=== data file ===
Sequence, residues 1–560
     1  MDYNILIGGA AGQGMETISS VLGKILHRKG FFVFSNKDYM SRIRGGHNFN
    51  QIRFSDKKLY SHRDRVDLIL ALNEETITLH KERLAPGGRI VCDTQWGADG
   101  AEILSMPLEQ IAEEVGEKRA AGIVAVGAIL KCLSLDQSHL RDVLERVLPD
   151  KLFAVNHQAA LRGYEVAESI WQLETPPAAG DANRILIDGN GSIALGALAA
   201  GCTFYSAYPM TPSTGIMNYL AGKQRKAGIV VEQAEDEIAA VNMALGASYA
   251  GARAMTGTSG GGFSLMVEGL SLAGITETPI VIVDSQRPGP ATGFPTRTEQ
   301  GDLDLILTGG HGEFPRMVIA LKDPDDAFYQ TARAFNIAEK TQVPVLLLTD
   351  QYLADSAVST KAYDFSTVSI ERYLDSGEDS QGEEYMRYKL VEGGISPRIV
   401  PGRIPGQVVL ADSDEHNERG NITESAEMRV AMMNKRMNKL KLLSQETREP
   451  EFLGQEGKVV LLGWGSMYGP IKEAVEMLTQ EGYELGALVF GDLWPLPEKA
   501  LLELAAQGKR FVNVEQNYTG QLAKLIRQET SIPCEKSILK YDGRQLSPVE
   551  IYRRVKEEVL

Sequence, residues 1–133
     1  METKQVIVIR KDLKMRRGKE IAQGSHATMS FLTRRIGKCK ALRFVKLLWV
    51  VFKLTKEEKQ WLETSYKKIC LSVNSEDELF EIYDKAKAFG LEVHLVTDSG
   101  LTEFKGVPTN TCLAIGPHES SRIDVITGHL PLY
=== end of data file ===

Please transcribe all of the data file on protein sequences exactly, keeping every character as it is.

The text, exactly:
Sequence, residues 1–560
     1  MDYNILIGGA AGQGMETISS VLGKILHRKG FFVFSNKDYM SRIRGGHNFN
    51  QIRFSDKKLY SHRDRVDLIL ALNEETITLH KERLAPGGRI VCDTQWGADG
   101  AEILSMPLEQ IAEEVGEKRA AGIVAVGAIL KCLSLDQSHL RDVLERVLPD
   151  KLFAVNHQAA LRGYEVAESI WQLETPPAAG DANRILIDGN GSIALGALAA
   201  GCTFYSAYPM TPSTGIMNYL AGKQRKAGIV VEQAEDEIAA VNMALGASYA
   251  GARAMTGTSG GGFSLMVEGL SLAGITETPI VIVDSQRPGP ATGFPTRTEQ
   301  GDLDLILTGG HGEFPRMVIA LKDPDDAFYQ TARAFNIAEK TQVPVLLLTD
   351  QYLADSAVST KAYDFSTVSI ERYLDSGEDS QGEEYMRYKL VEGGISPRIV
   401  PGRIPGQVVL ADSDEHNERG NITESAEMRV AMMNKRMNKL KLLSQETREP
   451  EFLGQEGKVV LLGWGSMYGP IKEAVEMLTQ EGYELGALVF GDLWPLPEKA
   501  LLELAAQGKR FVNVEQNYTG QLAKLIRQET SIPCEKSILK YDGRQLSPVE
   551  IYRRVKEEVL

Sequence, residues 1–133
     1  METKQVIVIR KDLKMRRGKE IAQGSHATMS FLTRRIGKCK ALRFVKLLWV
    51  VFKLTKEEKQ WLETSYKKIC LSVNSEDELF EIYDKAKAFG LEVHLVTDSG
   101  LTEFKGVPTN TCLAIGPHES SRIDVITGHL PLY